Students had the opportunity to voice their thoughts on the College’s recent move to address sexual harassment and abuse of power on campus. On Jan. 11, Student Assembly and the Student and Presidential Committee for Sexual Assault co-hosted an open forum about the Campus Climate and Culture Initiative — the College’s new initiative to combat sexual violence. The initiative, which was announced by College President Phil Hanlon on Jan. 3, follows the filing of a $70 million lawsuit against the College alleging that Dartmouth violated Title IX and failed to protect the plaintiffs from sexual harassment.
There will be no English foreign study program to London this fall. The English department’s popular FSP to King’s College London will not be offered in 2019 because King’s terminated its contract with Dartmouth. In 2020, the program will be hosted by Queen Mary University of London.
With the help of two Dartmouth professors, the National Oceanic and Atmospheric Association’s 2018 Arctic Report Card described this year as the second-warmest year in the Arctic since 1900. The report also notes continued rapid temperature increases in the region, relative to the rest of the world.
A supportive, altruistic friend and community member, Kevin Figgins Jr. ’16 brightened every room he entered.
Hanover residents might notice fewer deer around town this spring. Following Hanover’s issuing of 100 extra deer hunting permits, at least 30 hunters harvested additional deer this season, according to New Hampshire Fish and Game deer project leader Daniel Bergeron. He said Hanover’s new permit program made local hunters nearly twice as successful as hunters in other towns across New Hampshire.
With the advent of the new year, Dartmouth is celebrating the 250th anniversary of its founding. The festivities that took place on Jan. 10 kicked off what will be a year’s worth of academic and arts programming, service opportunities and celebrations all honoring the school’s notable milestone and adhering to the theme of “Honoring Our Past, Inspiring Our Future.”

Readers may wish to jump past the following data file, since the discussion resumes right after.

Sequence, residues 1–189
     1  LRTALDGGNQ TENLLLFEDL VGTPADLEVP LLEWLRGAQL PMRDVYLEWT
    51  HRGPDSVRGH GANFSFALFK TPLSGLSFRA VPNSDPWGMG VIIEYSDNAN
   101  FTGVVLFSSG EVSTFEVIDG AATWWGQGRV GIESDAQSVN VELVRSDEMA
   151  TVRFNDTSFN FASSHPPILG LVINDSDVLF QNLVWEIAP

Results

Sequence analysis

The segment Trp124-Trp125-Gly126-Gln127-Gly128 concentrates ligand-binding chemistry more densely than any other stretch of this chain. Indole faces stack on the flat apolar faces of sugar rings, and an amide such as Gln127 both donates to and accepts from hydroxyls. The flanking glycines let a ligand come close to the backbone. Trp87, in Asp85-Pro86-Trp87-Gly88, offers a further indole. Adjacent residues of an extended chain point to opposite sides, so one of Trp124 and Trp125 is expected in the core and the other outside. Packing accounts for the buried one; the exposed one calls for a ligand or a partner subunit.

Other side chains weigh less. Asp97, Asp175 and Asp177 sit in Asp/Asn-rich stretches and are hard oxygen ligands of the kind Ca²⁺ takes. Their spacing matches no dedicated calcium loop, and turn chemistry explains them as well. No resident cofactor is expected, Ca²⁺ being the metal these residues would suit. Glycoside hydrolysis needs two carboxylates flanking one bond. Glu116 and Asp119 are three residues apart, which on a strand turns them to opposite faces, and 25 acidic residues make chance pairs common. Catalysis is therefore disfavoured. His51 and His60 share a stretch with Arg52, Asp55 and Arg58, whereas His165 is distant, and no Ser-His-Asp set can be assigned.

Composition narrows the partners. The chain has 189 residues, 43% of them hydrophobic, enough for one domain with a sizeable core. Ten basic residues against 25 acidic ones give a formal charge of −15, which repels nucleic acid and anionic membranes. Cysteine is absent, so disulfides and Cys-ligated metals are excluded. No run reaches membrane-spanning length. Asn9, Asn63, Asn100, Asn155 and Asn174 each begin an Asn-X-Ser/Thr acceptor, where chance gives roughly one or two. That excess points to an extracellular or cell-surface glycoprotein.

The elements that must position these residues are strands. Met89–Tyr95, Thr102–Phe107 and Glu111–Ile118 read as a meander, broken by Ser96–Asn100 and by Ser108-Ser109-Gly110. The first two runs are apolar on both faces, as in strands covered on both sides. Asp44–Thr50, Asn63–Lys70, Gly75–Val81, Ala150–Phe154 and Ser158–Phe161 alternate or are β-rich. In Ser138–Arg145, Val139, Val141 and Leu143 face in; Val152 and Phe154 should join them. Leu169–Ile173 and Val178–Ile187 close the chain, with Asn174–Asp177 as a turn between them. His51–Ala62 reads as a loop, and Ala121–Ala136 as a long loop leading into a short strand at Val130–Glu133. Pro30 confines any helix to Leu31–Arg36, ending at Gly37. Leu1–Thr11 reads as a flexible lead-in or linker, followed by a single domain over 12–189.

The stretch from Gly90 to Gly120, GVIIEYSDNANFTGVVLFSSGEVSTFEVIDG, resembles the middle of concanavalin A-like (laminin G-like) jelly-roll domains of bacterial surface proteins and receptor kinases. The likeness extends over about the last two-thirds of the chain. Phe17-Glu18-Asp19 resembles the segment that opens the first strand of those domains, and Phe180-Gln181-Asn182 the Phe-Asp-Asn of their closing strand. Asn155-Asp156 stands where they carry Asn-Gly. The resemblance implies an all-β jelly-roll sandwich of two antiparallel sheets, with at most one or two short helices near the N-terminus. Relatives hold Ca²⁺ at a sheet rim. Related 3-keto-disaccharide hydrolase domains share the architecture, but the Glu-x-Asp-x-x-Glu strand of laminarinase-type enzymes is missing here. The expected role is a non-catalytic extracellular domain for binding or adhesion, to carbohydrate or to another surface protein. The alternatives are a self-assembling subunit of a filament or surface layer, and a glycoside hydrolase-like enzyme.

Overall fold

Pamela Crossley is a professor of Asian and Middle Eastern studies and is the Charles and Elfriede Collis professor of history. Her focus is on modern Chinese history and the Qing dynasty, but she has also researched and written about central Asian history, the Mongols and global history. Crossley has authored numerous books and two textbooks, and her work has appeared in Foreign Policy, the Wall Street Journal and the BBC among many others. She teaches several courses involving Chinese history and the Mongols. She taught History 74, “Intellectual History of East Asia,” last fall and is teaching History 72, “Late Imperial China in Global Context” this term. Her newest book, “Hammer and Anvil: Nomad Rulers at the Forge of the Modern World” came out last December.
When Hurricane Maria struck in September 2017, Puerto Rico plunged into a blackout — one that would last for almost an entire year. Last November, staff from the Revers Center for Energy at the Tuck School of Business and ten of its MBA fellows traveled to Puerto Rico to research the factors that contributed to the prolonged energy crisis.
In two weeks Arielle Baker Gr’19, a PhD candidate in the neuroscience track of the program in experimental and molecular medicine (PEMM), will officially step out of the lab to tackle a completely different challenge: policymaking.
Gound clearing and plans to excavate the west end of campus have already begun as the College prepares for the construction of a new building that will soon house both the computer science department and the Thayer School of Engineering.